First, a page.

The stay at the camp was overnight (sleeping in hamocs in tree-houses 10m above ground) and the overall hospitality was great, including the traditional offer of lots of different types of rum. I would soon come to realise that the ‘Ti Punch’ is something you can expect on every trip in French Guiana! But of course the main event was ziplining into the jungle from a 15m platform, then climbing a rope up to a viewing platform at 36m height. I was terrified, both because I’m afraid of heights and wasn’t sure I was physically fit enough. Both fears turned out to be easy to deal with though and the feeling of getting to the top was amazing. We stayed at the top until sunset and decended the same way in the dark (apparently this helps with vertigo). The added excitment came when as we were decending in the last pair of the group, a sudden tropical downpur surprised us and we arrived at the base of the tree completely drenched. Truly a memorable experience!

The small town of Sinnamary was the starting point for a boat trip to the Sinnamary river’s estuary where a Scarlet ibis nesting colony can be found. It was a wonderful evening on the water (Ti Punch included of course!), surrounded by wildlife. My proudest moment was spotting a sloth in a tree on the river bank. I had the moment of panic that it might get away before I could adequately photograph it, until I realised it’s a sloth and they don’t move much! We also had the opportunity to watch an eagle fishing, manatees teasing us by only poking their noses out for a breath and many other birds feeding on the mudbanks.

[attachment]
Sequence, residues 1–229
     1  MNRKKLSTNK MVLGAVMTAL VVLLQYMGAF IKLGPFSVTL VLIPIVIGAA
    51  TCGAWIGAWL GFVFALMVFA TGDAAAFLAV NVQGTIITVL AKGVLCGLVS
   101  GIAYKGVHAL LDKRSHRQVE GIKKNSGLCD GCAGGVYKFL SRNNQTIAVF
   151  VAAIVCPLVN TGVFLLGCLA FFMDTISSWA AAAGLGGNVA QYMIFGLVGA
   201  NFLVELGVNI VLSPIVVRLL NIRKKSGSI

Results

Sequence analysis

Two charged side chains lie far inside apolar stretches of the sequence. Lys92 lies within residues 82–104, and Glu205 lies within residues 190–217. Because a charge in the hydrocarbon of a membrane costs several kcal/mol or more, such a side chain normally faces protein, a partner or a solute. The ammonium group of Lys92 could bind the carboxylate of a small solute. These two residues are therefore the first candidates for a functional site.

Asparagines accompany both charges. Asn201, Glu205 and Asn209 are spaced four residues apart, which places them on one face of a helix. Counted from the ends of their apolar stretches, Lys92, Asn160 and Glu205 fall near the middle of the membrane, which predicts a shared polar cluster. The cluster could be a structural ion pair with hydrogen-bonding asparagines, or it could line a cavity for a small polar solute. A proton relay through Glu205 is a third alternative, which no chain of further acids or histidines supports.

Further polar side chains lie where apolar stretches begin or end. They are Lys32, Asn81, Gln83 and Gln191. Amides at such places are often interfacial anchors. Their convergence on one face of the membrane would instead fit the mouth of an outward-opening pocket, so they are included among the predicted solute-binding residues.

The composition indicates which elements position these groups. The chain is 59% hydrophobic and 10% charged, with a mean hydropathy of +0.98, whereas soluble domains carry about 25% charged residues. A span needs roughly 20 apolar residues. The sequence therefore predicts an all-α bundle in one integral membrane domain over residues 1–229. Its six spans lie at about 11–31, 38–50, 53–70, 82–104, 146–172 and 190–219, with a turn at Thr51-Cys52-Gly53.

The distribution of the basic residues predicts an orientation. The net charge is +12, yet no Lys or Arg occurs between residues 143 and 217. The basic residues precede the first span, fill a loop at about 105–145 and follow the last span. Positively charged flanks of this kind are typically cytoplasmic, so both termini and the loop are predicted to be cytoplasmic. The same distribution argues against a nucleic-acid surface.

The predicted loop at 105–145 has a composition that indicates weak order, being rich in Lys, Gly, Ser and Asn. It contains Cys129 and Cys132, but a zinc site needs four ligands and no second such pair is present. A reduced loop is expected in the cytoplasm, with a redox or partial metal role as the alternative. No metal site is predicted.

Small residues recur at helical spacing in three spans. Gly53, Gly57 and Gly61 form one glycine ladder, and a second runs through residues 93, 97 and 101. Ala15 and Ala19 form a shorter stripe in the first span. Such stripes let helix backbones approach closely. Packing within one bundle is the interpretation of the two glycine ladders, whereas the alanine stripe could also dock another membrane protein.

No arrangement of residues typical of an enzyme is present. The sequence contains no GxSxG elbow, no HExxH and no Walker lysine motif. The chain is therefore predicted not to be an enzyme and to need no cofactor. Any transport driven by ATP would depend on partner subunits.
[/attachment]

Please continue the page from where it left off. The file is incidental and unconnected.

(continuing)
The trouble of writing a travel post about a month-long holiday is that I can’t write down all the awesome experieces and have to make do with the highlights. Next time my aim is to write something as we go, but also try to capture the people of the country better. Photgraphing wildlife is realitvely easy (I’ve found at least), but the people and the cultures are also a big part of the story.

To finish up, here is a selection of some of my favourite animal photographs. I hope you’ve enjoyed this post and keep tuned for the next travel adventure! 🙂